- Hitman: Blood Money has two healing items: A syringe full of adrenaline, and a bottle of painkillers whose flavor text states they're currently being tested for use on horses.
- While the potions in The Legend of Zelda are explicitly magical, the food items in the more recent games are not. Link can come back from the brink of death just by drinking half a bottle of milk or soup. Goddamn.
- You gotta admit, it's really good soup.
- Bottled fairies are an even straighter example: they will appear when you run out of health and give you a smallish health boost so you can keep fighting for a bit longer.
- In the Fallout universe all kinds of chems can fall into this trope at some point. Includes the Buffout (Strength, Agility and Endurance), Jet (increased reflexes/speed), Psycho (damage resistance and agility, in Fallout 3 increased damage) and Med-X (damage resistance). They have aftereffects and are addictive, of course.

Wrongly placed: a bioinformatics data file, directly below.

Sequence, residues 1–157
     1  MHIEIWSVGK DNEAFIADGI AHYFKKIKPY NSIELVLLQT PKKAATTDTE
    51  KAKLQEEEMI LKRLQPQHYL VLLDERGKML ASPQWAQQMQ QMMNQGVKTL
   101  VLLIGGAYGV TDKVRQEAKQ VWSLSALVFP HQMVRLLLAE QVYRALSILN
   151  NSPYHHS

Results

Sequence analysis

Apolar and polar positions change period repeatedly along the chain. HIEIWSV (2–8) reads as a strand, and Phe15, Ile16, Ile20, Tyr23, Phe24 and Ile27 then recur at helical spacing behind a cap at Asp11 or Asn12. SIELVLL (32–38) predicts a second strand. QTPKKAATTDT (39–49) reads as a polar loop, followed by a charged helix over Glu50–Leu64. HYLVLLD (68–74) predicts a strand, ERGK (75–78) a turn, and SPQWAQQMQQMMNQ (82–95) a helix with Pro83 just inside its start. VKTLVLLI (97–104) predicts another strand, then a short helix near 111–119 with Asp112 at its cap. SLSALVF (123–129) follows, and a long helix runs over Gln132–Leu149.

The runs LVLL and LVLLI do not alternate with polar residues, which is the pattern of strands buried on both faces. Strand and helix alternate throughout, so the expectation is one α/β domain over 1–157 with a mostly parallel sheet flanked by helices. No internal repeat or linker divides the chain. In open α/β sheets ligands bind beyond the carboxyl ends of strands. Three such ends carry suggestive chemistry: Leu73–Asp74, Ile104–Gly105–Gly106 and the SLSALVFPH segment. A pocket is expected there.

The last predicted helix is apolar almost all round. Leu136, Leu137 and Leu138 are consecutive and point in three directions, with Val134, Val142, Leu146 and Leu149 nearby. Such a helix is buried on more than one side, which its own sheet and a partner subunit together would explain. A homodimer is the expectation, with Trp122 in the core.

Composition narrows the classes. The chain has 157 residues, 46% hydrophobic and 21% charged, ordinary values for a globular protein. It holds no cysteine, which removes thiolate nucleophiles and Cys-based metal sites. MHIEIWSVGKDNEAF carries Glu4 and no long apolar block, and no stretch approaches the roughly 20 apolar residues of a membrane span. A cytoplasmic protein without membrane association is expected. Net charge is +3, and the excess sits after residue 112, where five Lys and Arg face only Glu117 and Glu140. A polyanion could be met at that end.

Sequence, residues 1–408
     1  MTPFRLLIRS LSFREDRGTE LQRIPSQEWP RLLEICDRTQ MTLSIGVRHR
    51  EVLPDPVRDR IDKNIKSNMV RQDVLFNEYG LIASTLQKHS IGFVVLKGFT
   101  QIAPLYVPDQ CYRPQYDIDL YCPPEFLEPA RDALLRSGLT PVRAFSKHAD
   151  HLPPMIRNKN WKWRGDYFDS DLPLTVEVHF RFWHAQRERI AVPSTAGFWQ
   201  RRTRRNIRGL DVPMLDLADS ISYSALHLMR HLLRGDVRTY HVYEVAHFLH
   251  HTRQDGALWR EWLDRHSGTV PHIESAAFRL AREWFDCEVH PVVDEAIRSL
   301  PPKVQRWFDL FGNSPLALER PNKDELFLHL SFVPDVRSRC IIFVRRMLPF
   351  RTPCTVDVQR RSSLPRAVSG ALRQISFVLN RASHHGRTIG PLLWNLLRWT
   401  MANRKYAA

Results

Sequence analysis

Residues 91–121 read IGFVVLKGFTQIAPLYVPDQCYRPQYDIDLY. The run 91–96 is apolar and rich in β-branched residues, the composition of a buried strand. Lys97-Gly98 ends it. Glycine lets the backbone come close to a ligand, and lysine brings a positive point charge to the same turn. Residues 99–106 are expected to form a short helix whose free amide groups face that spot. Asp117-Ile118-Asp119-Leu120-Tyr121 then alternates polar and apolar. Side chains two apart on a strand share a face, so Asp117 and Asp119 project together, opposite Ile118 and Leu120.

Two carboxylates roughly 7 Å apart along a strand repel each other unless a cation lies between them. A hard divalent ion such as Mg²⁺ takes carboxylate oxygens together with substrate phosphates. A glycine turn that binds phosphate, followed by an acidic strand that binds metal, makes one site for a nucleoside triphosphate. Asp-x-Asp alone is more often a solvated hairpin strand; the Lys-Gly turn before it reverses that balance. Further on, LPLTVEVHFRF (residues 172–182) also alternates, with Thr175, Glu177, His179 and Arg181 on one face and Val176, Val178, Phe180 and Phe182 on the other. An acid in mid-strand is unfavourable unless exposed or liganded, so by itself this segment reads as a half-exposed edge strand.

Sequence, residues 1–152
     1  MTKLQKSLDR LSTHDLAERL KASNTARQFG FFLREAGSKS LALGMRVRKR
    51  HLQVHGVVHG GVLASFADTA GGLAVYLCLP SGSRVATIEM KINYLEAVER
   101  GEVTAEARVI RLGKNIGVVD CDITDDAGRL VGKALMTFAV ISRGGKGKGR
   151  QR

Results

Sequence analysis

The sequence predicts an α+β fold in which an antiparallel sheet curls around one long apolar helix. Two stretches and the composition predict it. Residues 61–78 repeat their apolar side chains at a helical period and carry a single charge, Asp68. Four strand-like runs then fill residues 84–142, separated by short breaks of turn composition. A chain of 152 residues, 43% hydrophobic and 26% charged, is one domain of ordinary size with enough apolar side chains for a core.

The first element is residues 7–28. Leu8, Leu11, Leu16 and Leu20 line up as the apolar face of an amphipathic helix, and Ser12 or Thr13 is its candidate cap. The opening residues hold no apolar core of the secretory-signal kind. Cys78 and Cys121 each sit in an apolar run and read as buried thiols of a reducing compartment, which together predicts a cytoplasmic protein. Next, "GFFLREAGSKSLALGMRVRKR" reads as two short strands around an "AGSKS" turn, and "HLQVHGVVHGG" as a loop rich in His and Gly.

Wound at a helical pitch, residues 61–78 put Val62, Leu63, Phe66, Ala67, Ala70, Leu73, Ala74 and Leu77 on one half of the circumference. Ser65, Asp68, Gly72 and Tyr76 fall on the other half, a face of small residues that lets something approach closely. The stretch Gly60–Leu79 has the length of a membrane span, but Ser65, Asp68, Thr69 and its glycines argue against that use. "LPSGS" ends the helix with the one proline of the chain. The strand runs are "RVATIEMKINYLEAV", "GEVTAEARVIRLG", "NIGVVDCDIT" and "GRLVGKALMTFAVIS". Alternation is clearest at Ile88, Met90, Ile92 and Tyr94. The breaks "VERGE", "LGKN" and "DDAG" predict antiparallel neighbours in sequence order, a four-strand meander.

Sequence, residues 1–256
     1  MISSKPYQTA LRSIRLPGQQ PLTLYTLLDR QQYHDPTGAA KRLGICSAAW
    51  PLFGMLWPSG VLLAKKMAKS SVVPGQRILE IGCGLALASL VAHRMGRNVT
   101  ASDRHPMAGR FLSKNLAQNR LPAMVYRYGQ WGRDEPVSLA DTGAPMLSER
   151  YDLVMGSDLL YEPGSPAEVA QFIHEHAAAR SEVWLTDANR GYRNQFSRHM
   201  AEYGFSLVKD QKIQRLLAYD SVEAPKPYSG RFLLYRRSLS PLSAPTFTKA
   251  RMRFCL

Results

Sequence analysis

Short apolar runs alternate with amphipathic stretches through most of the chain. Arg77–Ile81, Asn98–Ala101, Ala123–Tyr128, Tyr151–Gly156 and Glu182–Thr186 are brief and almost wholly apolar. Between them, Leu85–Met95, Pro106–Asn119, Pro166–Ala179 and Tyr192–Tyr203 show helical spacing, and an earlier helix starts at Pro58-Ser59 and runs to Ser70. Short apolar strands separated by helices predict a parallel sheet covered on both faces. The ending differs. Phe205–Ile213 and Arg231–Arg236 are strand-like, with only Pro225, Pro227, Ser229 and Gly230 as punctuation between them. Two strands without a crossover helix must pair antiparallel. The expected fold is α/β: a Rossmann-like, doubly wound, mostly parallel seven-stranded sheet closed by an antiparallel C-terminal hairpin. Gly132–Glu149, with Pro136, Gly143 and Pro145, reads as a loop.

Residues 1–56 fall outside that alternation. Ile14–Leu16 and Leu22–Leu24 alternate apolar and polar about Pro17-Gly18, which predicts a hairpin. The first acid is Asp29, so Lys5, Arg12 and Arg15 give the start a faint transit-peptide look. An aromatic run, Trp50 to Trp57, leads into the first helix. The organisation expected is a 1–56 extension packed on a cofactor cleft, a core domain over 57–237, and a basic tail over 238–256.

- The HEV suit in the Half-Life series apparently comes equipped with Self-Dispensing Bottled Heroic Resolve, as it will automatically inject you with morphine if you become injured.
- In Alter A.I.L.A., stimulants (in three different colors) are used in place of healing potions, as befits the After the End science-fiction setting.
- Edward Roivas has bottles of Liquid Courage in his Inventory. Three guesses as to what they hold...
- In Avernum, there's the Heroic Brew. It tastes incomprehensibly foul, but turns even wimpy mages into unstoppable juggernaughts for a few rounds, nevermind the actual frontliners, who become godlike.
- This appears to be standard procedure for Witchers, who will imbibe potions before going off into battle.
- Syndicate Wars had this as one of the main ways to control your soldiers. Red makes them more aggressive. Blue makes them more passive.